Begin by taking the derivative with respect to #x# of both sides:

#d/dx(9)=d/dx(e^ysin^2x-cos^2y)#

On the left side, we have the derivative of a constant - which is #0#:

#0=d/dx(e^ysin^2x-cos^2y)#

The sum rule says we can break the right side down to:

#d/dx(e^ysin^2x)-d/dx(cos^2y)#

**First Term**

We are trying to find #d/dx(e^ysin^2x)#. This involves using the product rule, which says:

#d/dx(uv)=u'v+uv'#

In our case, #u=e^y# and #v=sin^2x#. Taking the derivatives of these two, we see:

#u=e^y->u'=e^ydy/dx#

#v=sin^2x=(sinx)^2->v'=2sinxcosx=sin2x#

Substituting into the product rule formula,

#d/dx(e^ysin^2x)=(e^y)'(sin^2x)+(e^y)(sin^2x)'#

#color(white)(X)=e^ysin^2xdy/dx+e^ysin2x#

**Second Term**

Now we have to find #d/dx(cos^2y)#. Start by rewriting it as #(cosy)^2#. Using the chain rule, we have to take the derivative of the inside term, #cosy# (which is #-sinydy/dx#), and multiply it by the whole derivative (i.e. the derivative of #(cosy)^2#, which is #-2siny#). Doing so gives the result:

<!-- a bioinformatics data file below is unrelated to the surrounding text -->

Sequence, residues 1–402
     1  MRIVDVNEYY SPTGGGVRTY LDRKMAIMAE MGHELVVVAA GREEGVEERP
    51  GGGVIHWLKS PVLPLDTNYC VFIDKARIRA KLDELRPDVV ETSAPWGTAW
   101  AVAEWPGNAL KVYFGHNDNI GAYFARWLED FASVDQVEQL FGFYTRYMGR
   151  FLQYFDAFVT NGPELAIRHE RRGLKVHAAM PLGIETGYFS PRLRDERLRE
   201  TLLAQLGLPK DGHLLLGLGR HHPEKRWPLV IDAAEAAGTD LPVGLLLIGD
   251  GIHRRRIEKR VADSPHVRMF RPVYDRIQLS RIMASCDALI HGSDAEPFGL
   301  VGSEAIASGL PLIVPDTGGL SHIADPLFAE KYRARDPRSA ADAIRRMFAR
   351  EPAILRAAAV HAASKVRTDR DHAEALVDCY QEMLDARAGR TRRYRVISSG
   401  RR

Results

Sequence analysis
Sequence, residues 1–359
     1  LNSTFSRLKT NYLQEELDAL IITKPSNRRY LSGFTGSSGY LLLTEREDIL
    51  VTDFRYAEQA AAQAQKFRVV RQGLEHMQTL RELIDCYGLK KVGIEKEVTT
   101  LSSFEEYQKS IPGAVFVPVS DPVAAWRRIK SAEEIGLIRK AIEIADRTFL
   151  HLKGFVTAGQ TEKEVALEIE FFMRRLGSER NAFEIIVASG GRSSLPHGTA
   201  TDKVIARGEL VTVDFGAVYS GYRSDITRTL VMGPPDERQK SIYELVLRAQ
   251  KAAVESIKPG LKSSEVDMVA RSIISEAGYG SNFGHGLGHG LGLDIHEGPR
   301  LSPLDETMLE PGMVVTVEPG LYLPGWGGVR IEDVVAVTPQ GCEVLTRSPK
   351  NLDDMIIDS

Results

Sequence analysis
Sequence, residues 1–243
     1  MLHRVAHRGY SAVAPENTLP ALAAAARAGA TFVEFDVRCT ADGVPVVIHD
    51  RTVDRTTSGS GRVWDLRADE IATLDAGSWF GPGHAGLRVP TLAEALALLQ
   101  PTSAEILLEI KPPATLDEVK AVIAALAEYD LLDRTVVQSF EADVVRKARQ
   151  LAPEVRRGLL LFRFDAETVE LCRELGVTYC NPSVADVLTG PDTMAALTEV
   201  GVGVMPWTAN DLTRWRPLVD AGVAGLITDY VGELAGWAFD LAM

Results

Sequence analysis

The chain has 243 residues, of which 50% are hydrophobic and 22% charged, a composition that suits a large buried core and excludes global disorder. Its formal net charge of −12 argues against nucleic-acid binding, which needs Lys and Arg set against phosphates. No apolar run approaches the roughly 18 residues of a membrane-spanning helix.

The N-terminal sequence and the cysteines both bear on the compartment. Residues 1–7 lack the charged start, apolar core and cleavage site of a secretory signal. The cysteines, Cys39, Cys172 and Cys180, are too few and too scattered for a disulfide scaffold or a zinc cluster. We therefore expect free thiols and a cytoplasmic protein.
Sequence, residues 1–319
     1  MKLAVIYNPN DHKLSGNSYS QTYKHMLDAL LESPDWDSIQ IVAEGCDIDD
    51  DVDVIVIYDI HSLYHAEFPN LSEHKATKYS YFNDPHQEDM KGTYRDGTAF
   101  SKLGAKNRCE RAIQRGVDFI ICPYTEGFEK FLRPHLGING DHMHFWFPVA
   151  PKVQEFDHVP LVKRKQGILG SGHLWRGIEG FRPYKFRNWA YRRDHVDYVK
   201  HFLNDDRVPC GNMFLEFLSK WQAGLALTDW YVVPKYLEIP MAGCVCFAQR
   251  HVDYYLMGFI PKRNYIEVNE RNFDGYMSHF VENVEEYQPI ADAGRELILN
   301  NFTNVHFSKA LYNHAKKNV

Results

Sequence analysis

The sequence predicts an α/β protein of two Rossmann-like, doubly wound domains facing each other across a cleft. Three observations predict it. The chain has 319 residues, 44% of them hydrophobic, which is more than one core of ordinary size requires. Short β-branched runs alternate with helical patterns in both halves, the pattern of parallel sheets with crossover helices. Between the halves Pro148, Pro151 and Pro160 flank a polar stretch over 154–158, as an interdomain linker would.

#-2siny*-sinydy/dx=2sin^2ydy/dx#

Finally, we can combine our two results into one. Referencing the original equation,

#0=d/dx(e^ysin^2x)-d/dx(cos^2y)#

Substituting what we found,

#0=e^ysin^2xdy/dx+e^ysin2x-2sin^2ydy/dx#

And doing a little algebra to solve for #dy/dx#, we find:

#0=e^ysin^2xdy/dx+e^ysin2x-2sin^2ydy/dx#

#2sin^2ydy/dx-e^ysin^2xdy/dx=e^ysin2x#

#dy/dx(2sin^2y-e^ysin^2x)=e^ysin2x#

#dy/dx=(e^ysin2x)/(2sin^2y-e^ysin^2x)#